Enacting resistance in history and fiction
This chapter examines selected works of Mahasweta Devi, showing how her historical novel, Aranyer Adhikar and fictional works on the tribal population of India provide a counter-narrative to the much-lauded mainstream story of India’s Independence and progress. Her short stories and novels voice a protest against age-old systems of bonded-labor, unfair percentages of sharecropping, eviction of tribals from their legitimate sites, invasion of their cultures, and attempts to strip them of history and identity. Devi acquires tribal history from the oral tradition and the songs that live in tribal memory, without being written. Sometimes, the tribals are able to enact resistance successively, whether individually or collectively, as in “The Hunt” or Chotti Munda. Their counter-narrative of protest gets recorded in their songs.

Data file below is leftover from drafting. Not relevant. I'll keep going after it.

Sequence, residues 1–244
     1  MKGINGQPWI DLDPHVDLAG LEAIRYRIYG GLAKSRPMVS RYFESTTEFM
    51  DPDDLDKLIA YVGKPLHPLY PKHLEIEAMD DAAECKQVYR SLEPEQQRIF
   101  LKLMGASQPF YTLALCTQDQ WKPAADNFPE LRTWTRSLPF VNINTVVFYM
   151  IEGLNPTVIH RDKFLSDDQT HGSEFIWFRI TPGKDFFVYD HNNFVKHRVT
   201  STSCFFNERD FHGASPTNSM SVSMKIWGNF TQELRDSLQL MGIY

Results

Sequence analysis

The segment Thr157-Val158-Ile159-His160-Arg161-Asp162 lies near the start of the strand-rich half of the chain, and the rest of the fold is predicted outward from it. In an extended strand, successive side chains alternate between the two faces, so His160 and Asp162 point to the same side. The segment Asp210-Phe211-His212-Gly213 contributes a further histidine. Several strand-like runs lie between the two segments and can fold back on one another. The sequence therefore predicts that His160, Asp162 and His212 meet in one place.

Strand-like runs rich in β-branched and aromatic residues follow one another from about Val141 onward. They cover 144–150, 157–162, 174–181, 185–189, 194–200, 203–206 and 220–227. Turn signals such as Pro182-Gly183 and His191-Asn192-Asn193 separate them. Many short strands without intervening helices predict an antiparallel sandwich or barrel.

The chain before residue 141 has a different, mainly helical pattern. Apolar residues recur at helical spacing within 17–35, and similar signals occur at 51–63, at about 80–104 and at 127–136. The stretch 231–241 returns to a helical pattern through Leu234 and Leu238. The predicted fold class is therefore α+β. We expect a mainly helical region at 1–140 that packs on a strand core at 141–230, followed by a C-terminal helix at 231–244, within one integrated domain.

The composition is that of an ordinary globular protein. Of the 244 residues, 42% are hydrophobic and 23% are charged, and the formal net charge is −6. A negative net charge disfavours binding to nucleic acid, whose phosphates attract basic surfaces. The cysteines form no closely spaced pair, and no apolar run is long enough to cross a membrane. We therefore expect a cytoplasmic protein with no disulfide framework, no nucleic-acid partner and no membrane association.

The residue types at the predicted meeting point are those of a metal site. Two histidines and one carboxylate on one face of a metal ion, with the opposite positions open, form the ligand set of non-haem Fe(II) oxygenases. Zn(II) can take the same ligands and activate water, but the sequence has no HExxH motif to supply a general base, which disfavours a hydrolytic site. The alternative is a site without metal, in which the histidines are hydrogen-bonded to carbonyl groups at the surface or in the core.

In Aranyer Adhikar, Birsa Munda’s concept of “dharti aba” represents an existence tied to nature and characterized by the community life of shared and limited gains and of love for land and nature as opposed to the colonial and postcolonial narrative of conquest of nature and a trajectory of material progress depleting natural resources. In Devi’s works, the tribal counter-narratives of resistance invariably express this linkage and explicitly articulate this protest.